I’ve partnered with KidzVuz to bring you this tale of childhood, wishing, and how an Amazon Original Series available for Prime members, is helping Grady learn to try, try again. Enjoy!
I’ve never been the type of parent who wished that her kids would just stay the age they are. I really look forward to the day my children and I are friends and can go shopping together and laugh over dinner at a nice restaurant. I eventually want grandkids I can hang out with and then send back to their parents when I’m ready for some Summer-time – just not too soon, please. I look forward to the day Kyle is the only person I have to pick up after, and I want to eventually travel the world without having to pay a babysitter. I want to be able to close the blinds and devour everything on Amazon Prime Instant Video while sipping coffee too hot for human consumption.
But recently, this crazy thing happened. My “baby” started high school. It was then that I realized he has 4 years left of childhood. I have 4 years to groom into a man who is ready to take on college and then the world. It’s really not that much time, you guys. My actual baby is 4 and a half now and it seems like just yesterday he was being thrust, unbreathing, into this world. Madilyn is such a Miss Sassypants – 5 going on 16 in one month – and sometimes I wonder if she’s ever going to enjoy childhood, or just skip it by as she laments her inability to wear high heels and dangly earrings.
I am of the firm belief that kids are who they are and who they are going to be as they are knit together in the womb, and that it is our job as parents to sort of trim the edges and put the finishing touches on them so they become productive adults. When one of your kids wants to grow up before she learns to walk, sometimes those finishing touches can be hard to discern. She already seems finished, what’s there to work on? And how do I work on it when she thinks she knows better than me at the age of 5?
On the other end of the spectrum lie both of my boys. Neither of them wants to grow up, Styles has even uttered those exact words. I guess I should be thankful my high schooler doesn’t want to do the pseudo-grown-up things his peers are doing, but on the other hand, I am concerned he’ll be a basement dweller, and, well, we don’t have basements in Florida. Grady is still very much a mama’s boy and wants me to do everything for him. He also doesn’t have much patience with himself when he doesn’t understand something, which often results in hair-raising temper tantrums and perhaps a little standard issue preschool violence. You know, punching the air and flinging oneself onto the ground before tearing a rotator cuff or getting a self-induced concussion.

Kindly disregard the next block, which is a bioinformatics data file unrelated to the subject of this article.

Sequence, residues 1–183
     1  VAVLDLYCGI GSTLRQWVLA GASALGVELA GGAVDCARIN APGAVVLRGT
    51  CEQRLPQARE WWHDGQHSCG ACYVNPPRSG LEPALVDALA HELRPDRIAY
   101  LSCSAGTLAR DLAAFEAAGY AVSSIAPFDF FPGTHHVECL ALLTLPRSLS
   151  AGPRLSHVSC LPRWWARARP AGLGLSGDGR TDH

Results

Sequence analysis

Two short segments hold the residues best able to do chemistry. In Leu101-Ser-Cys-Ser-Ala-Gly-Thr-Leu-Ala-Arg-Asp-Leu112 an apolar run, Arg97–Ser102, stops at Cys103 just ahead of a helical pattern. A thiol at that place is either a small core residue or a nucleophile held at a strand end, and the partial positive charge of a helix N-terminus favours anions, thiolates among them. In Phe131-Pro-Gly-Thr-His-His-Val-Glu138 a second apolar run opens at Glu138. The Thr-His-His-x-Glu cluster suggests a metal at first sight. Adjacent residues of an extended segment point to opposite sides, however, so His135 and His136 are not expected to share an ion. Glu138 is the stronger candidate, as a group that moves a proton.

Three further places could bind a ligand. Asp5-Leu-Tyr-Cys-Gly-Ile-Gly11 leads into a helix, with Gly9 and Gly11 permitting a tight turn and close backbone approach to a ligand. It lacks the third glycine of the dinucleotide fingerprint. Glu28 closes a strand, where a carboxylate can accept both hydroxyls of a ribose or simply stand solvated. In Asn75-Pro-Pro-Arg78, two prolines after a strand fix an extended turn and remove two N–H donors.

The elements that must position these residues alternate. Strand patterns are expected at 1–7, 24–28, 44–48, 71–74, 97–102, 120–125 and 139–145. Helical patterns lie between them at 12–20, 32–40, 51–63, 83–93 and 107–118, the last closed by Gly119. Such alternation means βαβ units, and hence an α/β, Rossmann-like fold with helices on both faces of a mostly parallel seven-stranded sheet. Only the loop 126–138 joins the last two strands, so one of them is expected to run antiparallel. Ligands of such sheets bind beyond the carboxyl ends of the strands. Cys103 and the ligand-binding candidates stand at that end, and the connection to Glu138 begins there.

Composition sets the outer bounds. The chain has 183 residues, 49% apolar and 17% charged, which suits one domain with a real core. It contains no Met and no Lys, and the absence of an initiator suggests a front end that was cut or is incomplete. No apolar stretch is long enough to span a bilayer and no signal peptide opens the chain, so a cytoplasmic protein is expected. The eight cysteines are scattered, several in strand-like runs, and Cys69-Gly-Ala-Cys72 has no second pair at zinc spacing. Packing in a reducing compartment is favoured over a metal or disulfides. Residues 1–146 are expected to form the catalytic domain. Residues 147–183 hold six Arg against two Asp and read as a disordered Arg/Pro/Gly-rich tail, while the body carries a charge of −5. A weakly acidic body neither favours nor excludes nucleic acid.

That’s where programs like “Wishenpoof”, an Amazon Original Series from the creators of “Blue’s Clues” and “Super Why” comes into play. Wishenpoof is available for Prime members as of August 14th, but we had the great pleasure of viewing the whole series a bit early. It follows a little girl named Bianca, who looks oddly like Madilyn in her tutu and Converse look-alikes, as she uses her “wish power” to transport herself wherever she wants to, and to solve real-life childhood problems.
Grady loves when Bianca accidentally turns into a monkey when she’s trying to become something else. I’ve been able to use that situation to talk to Grady about not giving up when you don’t get something quite right the first time. He generally Hulks out and starts swinging when he doesn’t do something right, but I’ve been able to make the kooky monkey sound – “OOH OOH AAH AAH!” – which he automatically recognizes as a need to calm the heck down and try again. I’m all for educational shows, but in childhood, there is nothing more valuable than learning appropriate social skills, and there “Wishenpoof” excels.
I was almost afraid Madilyn would find “Wishenpoof” too childish, but I think I sometimes overestimate how she views herself. She is, after all, still just a little girl, albeit one who pretends she wants to be a teenager. My favorite lesson for Madilyn was an episode where Bianca stood up for her friend when a fellow classmate named Violet made her friend very sad. I think it is difficult for very independent children, and adults for that matter, to remember that people exist and have feelings outside of themselves. Viewing that episode was a perfect segue into talking about how important it is to be kind to others and make sure you’re getting your point across without seeming mean. Kindness is something I often talk about with Madilyn and that episode lined up perfectly with what I’m trying to teach her.
I am really looking forward to Amazon releasing “Wishenpoof” to all Prime members on August 14th so I can share it with all of my friends who are parents. Make sure you add it to your Watchlist so that it’s always on cue when you need it. We found it the perfect show to watch just before bedtime with a light snack for the kids to wind down to. My hope is that the social lessons are sinking in as they slumber. And mamas, let Jason Priestley of Beverly Hills 90210 fame talk you into dreamy dreamland because his lends his voice as Bianca’s dad. You can thank me later.